‘We tried everything we could — getting angry, shouting and grounding them. If we sat them down they’d appear remorseful, but days later the police would be on our doorstep again. I didn’t understand. They had the opportunity to have it all.’ Instead, the boys steadily ­progressed from smoking cannabis to taking harder drugs. By 1999, when he was just 16, Paul was addicted to heroin. By this point, he and has brother had been permanently excluded from school. 
‘Looking back, I ask myself if I should have spotted the signs,’ says Marlene. ‘But Paul had been very vocal about how much he hated his birth mother for being an addict, so the last thing I expected was that he would follow the same path.
‘A psychiatrist told me that being subjected to heroin in the womb had made the boys more susceptible to addiction.’
Within months, Marlene had been prescribed antidepressants to help her cope. ‘Alan and I come from stable backgrounds and had never seen anything like it before,’ she says.

‘At that time we seemed to be constantly going to court for crimes one of them had committed, such as shoplifting, fighting and being drunk and disorderly. Paul went into rehab, but he was so aggressive they decided they couldn’t help him.
‘At home, I’d often end up bruised from where, in furious rages, he’d push me against a wall.’
In 2002, at the age of 16, Simon was sentenced to eight months in a juvenile detention centre for burglary. By 18, he was addicted to heroin.
The couple faced a further blow in 2001 when Marlene was diagnosed with breast cancer. Marlene believes it could have been caused by stress.
Then, in 2005, the boys committed a particularly violent crime in which, while drunk and high on drugs, they attacked a friend. In a separate ­incident on the same evening, they carried out a carjacking.
'A psychiatrist told me that being subjected to heroin in the womb had made the boys more susceptible to addiction'
‘The boys hadn’t returned the ­previous evening, which was not unusual for them, and then we read about this horrendous incident in the local paper,’ says Marlene.
‘Our neighbour, a local magistrate, told us it was them. We heard they were being held on remand, then we got a call from Paul saying he wanted money for toiletries.
‘We refused. By now, we were determined to cut them off completely. But then we heard from the prison Simon was held at that he was on suicide watch, and we arranged to start visiting.’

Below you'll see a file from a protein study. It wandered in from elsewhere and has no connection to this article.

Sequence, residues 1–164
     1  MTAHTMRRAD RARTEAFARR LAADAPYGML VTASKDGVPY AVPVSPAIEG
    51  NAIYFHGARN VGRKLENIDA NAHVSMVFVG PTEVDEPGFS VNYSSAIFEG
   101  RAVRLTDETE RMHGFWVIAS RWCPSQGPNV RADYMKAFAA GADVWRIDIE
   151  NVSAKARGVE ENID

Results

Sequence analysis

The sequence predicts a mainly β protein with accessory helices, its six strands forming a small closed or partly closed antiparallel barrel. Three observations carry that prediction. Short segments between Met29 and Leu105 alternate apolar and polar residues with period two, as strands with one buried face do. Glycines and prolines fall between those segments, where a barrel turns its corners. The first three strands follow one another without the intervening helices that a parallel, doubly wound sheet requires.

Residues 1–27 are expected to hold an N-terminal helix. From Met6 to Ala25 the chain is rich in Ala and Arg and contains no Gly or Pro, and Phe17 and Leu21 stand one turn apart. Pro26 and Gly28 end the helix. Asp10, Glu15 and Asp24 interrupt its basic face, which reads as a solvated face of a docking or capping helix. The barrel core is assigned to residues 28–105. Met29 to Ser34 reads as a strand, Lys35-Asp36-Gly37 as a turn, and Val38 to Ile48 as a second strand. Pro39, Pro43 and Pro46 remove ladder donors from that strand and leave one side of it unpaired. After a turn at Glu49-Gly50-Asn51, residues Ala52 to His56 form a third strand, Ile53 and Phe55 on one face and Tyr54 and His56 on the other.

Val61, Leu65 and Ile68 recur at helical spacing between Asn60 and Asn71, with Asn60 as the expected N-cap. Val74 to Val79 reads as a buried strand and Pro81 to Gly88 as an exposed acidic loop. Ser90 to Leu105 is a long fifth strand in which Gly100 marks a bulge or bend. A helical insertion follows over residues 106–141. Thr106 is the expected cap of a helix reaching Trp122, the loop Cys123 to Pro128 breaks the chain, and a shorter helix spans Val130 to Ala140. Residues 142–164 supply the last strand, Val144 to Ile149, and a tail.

In June 2005, Paul and Simon were sent to prison, on IPP sentences (indeterminate sentences for public protection), where they have remained ever since. Paul was 20 and Simon was 19.
To many, it would be understandable if Marlene and Alan decided to wash their hands of their sons. But to this day, they visit every month and, incredibly, still have a shred of hope that they can help.
‘What Paul and Simon did is ­inexcusable and they deserved prison,’ Marlene says. ‘But during the last six years inside, they have completed a number of life courses, such as anger management and ­victim awareness. The courses are there to change criminal tendencies and I truly believe that’s what’s ­happened to both our boys. They are changed men.
‘Simon has passed two GCSEs and become a teaching assistant for less able students and acted as a mentor for new inmates. They are also now clean of drugs.
‘We have no idea when they might be released, but my worry is that the longer they stay in, the less likely they will be able to build a normal life when they do come out. Despite all we have been through, I would welcome them both home.’
It’s a position, Marlene admits, which some will struggle to understand. Does she now owe them anything at all? Marlene says that she does: ‘While I would now advise anyone thinking of adopting children from that sort of background to think hard before doing it, it’s too late for me to do an about-turn.
‘We are their parents and we owe it to them to try again. I can say that if anything else happened they would be out on their own, but I’m not sure that would actually happen in reality. A son, adopted or not, is a son. I still want to help and a part of me believes I can. We won’t turn our backs on them.’
These are noble intentions. But no one would blame her for walking away from the sons who have repaid her love with such contempt.